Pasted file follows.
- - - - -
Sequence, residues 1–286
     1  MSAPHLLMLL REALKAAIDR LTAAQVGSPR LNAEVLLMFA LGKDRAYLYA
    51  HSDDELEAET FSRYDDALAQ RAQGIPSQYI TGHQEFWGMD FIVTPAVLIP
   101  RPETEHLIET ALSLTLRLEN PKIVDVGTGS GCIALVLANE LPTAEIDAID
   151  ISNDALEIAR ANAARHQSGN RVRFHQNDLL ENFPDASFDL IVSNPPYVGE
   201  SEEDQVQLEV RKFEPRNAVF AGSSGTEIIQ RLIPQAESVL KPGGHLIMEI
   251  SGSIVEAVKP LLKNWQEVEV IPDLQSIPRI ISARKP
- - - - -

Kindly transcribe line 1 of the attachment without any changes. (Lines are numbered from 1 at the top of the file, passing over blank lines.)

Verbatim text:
Sequence, residues 1–286